Soft tissue injuries simply need PEACE & LOVE

 

By Blaise Dubois @blaisedubois and Jean-Francois Esculier @JFEsculier

Rehabilitation of soft tissue injuries can be complex. Over the years, acronyms guiding their management have evolved from ICE to RICE[1], then to PRICE[2] and POLICE[3]. Although widely known, the evidence supporting the elements of these treatments is limited.  ICE/RICE/PRICE focus on acute management, unfortunately ignoring sub-acute and chronic stages of tissue healing.

We posit that two new acronyms can optimize recovery. Our acronyms encompass the rehabilitation continuum from immediate care (PEACE) to subsequent management (LOVE). PEACE & LOVE outlines the importance of educating patients and addressing psychosocial factors to enhance recovery. In addition, while anti-inflammatories show benefits on pain and function, our acronyms flag their potential harmful effects on optimal tissue repair.[4] We suggest that they may not be included in the standard management of soft tissue injuries.

Immediately after a soft tissue injury, do no harm and let PEACE guide your approach

P for Protect

Unload or restrict movement for 1 to 3 days to minimise bleeding, prevent distension of injured fibers and reduce risk of aggravating the injury.[2] Rest should be minimised as prolonged rest can compromise tissue strength and quality.[3] Rely on pain signals to guide removal of protection and gradual reloading. 

E for Elevate

Elevate the limb higher than the heart to promote interstitial fluid flow out of tissue. Despite weak evidence supporting its use,[5] elevation is still recommended given its low risk-benefit ratio.[1-3]

A for Avoid anti-inflammatory modalities

Anti-inflammatory medications may potentially be detrimental for long-term tissue healing. The various phases of inflammation contribute to optimal soft tissue regeneration. Inhibiting such an important process using pharmacological modalities is not recommended as it could impair tissue healing, especially when a higher dosage is taken.[4, 6]

We also question the use of cryotherapy. Despite widespread use among clinicians and the population, there is no high-quality evidence on the efficacy of ice for treating soft tissue injuries.[1, 4, 5, 7] Even if mostly analgesic,[1] ice could potentially disrupt inflammation, angiogenesis and revascularisation, delay neutrophil and macrophage infiltration as well as increase immature myofibers,[8] which may lead to impaired tissue regeneration and redundant collagen synthesis.[7, 8]

C for Compress

External mechanical pressure using taping or bandages helps limiting intra-articular edema and tissue hemorrhage.[4, 9] Despite conflicting studies,[1, 4] compression after an ankle sprain seems to reduce swelling and improve quality of life.[9]

E for Educate

Therapists should educate patients on the benefits of an active approach to recovery.[5, 10] Passive modalities such as electrotherapy, manual therapy or acupuncture, early after injury has a trivial effect on pain and function compared with an active approach; [4, 5, 11] it may even be counter-productive in the long term. Indeed, nurturing the ‘need to be fixed’ can create dependence to the therapist, be a significant nocebo, and thus contribute to persistent symptoms.[12] Better education on the condition and load management will help avoid overtreatment which has been suggested to increase the likelihood of injections or surgery and higher costs to healthcare systems because of disability compensation (e.g. in low back pain).[13, 14] In an era of technology and hi-tech therapeutic options, we strongly advocate for setting realistic expectations with patients about recovery times instead of chasing the magic treatment approach.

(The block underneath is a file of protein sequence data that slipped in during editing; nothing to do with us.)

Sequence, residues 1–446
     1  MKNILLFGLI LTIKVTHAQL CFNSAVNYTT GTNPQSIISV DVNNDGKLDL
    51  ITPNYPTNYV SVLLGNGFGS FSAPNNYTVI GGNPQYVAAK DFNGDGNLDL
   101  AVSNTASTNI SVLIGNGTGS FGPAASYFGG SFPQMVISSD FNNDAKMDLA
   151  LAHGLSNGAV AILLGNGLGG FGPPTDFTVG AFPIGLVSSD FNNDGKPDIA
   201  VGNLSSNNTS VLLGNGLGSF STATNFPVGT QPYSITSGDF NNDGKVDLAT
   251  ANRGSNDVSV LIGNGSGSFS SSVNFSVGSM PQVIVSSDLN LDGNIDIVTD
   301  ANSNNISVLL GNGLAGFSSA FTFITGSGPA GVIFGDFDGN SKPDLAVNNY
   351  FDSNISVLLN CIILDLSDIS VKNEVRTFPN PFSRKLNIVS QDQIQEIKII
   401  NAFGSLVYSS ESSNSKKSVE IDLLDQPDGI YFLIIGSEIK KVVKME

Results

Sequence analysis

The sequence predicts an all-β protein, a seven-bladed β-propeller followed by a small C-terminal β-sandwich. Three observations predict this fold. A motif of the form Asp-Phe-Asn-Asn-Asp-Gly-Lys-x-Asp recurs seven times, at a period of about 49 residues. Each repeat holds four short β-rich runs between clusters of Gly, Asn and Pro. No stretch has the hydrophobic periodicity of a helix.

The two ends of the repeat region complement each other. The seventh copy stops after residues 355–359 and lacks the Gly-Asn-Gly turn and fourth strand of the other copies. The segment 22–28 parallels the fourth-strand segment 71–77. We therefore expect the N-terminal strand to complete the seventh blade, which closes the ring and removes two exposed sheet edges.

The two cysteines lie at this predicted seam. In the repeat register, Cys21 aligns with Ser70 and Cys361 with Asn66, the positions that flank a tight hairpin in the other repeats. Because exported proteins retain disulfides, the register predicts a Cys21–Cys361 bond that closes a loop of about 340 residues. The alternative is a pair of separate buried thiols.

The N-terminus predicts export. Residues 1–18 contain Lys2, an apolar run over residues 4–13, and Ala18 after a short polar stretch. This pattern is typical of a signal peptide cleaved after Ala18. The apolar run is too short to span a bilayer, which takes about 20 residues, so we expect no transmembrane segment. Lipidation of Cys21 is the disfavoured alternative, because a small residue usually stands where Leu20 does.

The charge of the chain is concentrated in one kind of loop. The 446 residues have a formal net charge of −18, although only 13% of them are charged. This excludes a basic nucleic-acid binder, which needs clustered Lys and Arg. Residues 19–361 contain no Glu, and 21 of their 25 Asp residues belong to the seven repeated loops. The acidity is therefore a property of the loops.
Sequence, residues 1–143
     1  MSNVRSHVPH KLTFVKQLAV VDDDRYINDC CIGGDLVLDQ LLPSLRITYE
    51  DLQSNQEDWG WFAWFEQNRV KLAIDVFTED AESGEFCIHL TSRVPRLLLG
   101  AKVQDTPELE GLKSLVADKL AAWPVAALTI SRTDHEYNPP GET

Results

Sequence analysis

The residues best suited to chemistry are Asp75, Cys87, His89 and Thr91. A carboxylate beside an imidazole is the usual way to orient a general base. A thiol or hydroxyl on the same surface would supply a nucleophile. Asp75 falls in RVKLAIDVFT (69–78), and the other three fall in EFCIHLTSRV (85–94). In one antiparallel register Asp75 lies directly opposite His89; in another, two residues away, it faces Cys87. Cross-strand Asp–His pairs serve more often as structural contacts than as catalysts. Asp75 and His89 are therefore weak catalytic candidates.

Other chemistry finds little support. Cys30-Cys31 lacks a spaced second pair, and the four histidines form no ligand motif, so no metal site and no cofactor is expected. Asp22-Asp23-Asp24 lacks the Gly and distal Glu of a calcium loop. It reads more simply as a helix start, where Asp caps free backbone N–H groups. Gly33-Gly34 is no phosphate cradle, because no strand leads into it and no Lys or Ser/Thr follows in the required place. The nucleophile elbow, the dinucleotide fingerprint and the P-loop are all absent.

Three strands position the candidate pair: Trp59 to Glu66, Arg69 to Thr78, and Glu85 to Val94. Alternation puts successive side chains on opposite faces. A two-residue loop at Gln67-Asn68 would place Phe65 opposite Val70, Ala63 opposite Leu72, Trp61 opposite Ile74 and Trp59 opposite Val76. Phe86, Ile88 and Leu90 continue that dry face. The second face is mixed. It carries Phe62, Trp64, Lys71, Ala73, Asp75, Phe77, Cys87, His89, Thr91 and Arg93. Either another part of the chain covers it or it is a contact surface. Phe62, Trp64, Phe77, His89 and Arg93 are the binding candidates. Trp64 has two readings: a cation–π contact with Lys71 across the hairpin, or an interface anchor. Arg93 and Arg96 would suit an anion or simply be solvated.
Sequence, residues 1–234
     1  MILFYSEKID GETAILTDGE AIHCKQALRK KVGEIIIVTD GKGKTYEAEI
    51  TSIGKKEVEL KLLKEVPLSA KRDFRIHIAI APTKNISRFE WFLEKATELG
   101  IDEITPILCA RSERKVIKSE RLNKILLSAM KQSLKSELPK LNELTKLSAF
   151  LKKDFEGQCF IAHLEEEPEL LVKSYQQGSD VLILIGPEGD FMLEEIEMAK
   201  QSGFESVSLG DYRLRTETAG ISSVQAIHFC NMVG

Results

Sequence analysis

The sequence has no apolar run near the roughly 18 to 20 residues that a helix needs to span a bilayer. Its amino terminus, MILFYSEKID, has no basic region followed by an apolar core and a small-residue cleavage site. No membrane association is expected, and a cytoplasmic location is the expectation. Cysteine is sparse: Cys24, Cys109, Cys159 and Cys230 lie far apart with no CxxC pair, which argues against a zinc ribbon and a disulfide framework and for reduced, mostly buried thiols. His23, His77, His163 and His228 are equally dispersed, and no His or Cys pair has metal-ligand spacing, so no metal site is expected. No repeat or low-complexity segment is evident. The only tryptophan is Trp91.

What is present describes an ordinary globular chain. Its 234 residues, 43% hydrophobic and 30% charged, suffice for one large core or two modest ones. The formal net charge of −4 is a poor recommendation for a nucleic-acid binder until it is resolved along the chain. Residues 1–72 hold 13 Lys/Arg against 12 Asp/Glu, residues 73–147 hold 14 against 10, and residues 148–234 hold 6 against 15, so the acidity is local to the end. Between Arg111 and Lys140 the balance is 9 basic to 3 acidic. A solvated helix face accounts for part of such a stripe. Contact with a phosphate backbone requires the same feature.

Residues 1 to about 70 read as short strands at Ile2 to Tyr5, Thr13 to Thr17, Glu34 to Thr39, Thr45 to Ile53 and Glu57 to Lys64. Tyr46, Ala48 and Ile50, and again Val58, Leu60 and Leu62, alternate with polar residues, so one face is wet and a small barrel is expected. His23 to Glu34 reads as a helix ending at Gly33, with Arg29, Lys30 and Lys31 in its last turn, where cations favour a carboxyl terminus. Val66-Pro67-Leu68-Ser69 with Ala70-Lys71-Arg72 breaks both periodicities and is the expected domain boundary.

After the first days have passed, soft tissues need LOVE

L for Load

An active approach with movement and exercise benefits most patients with musculoskeletal disorders.[4, 15] Mechanical stress should be added early and normal activities resumed as soon as symptoms allow. Optimal loading [3] without exacerbating pain promotes repair, remodeling and building tissue tolerance and capacity of tendons, muscles and ligaments through mechanotransduction.[15]

O for Optimism

The brain plays a key role in rehabilitation interventions.[16, 17] Psychological factors such as catastrophisation, depression and fear can represent barriers to recovery. They are even thought to explain more of the variation in symptoms and limitations following an ankle sprain than the degree of pathophysiology.[18] Pessimistic patient expectations are also associated with suboptimal outcomes and worse prognosis.[19] While staying realistic, practitioners should encourage optimism to enhance the likelihood of an optimal recovery.

V for Vascularisation

Physical activity that includes cardiovascular components represents a cornerstone in the management of musculoskeletal injuries.[16] While research is needed on dosage, pain-free cardiovascular activity should be started a few days after injury to boost motivation and increase blood flow to the injured structures. Early mobilisation and aerobic exercise improve function, work status and reduce the need for pain medications in individuals with musculoskeletal conditions.[10, 20]

E for Exercise

There is a strong level of evidence supporting the use of exercises for treatment of ankle sprains and for reducing the prevalence of recurring injuries.[4] Exercises will help to restore mobility, strength and proprioception early after injury.[4, 5, 10] Pain should be avoided to ensure optimal repair during the subacute phase of recovery, and should be used as a guide for progressing exercises to greater levels of difficulty.